In our zeal, let us not overlook the sage counsel from Ecclesiastes: “The race is not to the swift, nor the battle to the strong.”10 Actually, the prize belongs to him or her who endures to the end.
When I reflect on the race of life, I remember another type of race, even from childhood days. My friends and I would take pocketknives in hand and, from the soft wood of a willow tree, fashion small toy boats. With a triangular-shaped cotton sail in place, each would launch his crude craft in the race down the relatively turbulent waters of Utah’s Provo River. We would run along the river’s bank and watch the tiny vessels sometimes bobbing violently in the swift current and at other times sailing serenely as the water deepened.
During a particular race we noted that one boat led all the rest toward the appointed finish line. Suddenly, the current carried it too close to a large whirlpool, and the boat heaved to its side and capsized. Around and around it was carried, unable to make its way back into the main current. At last it came to an uneasy rest amid the flotsam and jetsam that surrounded it, held fast by the tentacles of the grasping green moss.
I think one of the important lessons from this story is that we should not try to be like that one boat that went faster than all the rest. That can be like trying to do everything at once. Because the boat was going so fast in the river’s current, it was in special danger. If we are like that boat and go too fast in the current of life, we may find ourselves unable to tell the difference between racing in the current and racing around in circles stuck in a whirlpool. When we go too fast, sooner or later we burn out and then come “to an uneasy rest amid the flotsame and jetsam” and then get trapped by inertia. Instead, we need to be wise in our efforts. We need to be persistent and consistent.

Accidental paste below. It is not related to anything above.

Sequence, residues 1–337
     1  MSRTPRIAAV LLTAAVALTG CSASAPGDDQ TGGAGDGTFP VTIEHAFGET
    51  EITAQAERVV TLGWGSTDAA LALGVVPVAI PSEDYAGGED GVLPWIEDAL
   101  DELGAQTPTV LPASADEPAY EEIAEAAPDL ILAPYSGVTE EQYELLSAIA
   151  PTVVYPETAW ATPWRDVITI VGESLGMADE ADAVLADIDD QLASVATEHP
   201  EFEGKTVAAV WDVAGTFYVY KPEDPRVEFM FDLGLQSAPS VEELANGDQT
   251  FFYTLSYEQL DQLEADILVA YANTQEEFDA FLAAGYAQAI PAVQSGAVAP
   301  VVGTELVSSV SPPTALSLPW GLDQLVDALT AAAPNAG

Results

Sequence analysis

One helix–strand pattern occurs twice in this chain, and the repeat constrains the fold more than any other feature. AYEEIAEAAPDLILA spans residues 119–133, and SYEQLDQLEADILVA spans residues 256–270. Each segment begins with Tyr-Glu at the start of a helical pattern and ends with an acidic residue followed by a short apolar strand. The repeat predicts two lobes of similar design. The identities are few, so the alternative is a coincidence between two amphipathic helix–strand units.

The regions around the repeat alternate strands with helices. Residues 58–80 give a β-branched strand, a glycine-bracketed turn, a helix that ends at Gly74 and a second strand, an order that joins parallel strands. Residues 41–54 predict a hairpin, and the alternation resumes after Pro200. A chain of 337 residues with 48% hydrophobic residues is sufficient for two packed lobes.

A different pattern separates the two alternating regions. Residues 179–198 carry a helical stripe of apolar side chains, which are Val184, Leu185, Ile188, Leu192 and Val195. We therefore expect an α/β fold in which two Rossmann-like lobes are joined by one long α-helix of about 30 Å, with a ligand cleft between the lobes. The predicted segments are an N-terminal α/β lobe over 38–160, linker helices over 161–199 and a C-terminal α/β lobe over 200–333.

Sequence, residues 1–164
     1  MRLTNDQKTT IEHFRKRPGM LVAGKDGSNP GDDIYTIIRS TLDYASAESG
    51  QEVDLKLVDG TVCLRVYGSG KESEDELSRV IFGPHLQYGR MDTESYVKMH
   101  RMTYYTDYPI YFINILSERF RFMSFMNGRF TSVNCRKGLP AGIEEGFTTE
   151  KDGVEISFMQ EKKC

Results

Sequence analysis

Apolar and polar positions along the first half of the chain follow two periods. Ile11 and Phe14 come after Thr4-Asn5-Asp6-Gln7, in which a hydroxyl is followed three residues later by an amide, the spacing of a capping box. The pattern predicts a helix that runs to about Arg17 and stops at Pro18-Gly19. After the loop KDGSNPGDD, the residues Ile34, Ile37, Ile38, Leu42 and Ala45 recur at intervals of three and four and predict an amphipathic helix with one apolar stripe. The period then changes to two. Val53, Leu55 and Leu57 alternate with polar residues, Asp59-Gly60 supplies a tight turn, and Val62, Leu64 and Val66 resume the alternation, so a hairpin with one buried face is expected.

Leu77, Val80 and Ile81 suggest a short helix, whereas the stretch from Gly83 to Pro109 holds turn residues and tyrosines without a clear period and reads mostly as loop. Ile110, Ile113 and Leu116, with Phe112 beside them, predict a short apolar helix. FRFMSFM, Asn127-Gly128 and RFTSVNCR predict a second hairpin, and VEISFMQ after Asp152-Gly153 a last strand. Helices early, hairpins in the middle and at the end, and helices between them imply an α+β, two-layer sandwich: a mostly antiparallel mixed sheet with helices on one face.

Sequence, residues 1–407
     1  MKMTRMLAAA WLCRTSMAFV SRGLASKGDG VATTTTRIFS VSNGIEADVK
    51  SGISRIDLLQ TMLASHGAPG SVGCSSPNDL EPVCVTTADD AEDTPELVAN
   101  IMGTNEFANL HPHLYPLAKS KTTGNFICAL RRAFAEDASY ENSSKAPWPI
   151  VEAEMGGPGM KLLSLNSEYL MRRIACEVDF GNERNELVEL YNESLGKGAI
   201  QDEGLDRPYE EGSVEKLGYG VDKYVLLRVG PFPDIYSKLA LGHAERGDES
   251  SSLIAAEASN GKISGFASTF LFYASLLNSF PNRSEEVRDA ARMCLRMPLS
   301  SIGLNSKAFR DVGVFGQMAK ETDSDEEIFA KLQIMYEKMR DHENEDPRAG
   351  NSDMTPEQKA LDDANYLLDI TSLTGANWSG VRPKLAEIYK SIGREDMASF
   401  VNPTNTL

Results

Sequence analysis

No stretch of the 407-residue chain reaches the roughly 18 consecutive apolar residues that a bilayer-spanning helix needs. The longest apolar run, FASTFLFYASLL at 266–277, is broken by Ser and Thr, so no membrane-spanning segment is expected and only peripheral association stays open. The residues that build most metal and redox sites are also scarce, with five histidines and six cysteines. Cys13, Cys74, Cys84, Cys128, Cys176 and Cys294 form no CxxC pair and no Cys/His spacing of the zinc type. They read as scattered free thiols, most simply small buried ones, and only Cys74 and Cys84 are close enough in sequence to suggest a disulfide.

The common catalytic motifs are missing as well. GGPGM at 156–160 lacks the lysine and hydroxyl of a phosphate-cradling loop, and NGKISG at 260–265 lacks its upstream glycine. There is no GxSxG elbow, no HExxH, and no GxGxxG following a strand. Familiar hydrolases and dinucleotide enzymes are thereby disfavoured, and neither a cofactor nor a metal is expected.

The toy boats of childhood had no keel for stability, no rudder to provide direction, and no source of power. Inevitably, their destination was downstream—the path of least resistance.
Lesson #2: We’re headed upstream, not downstream.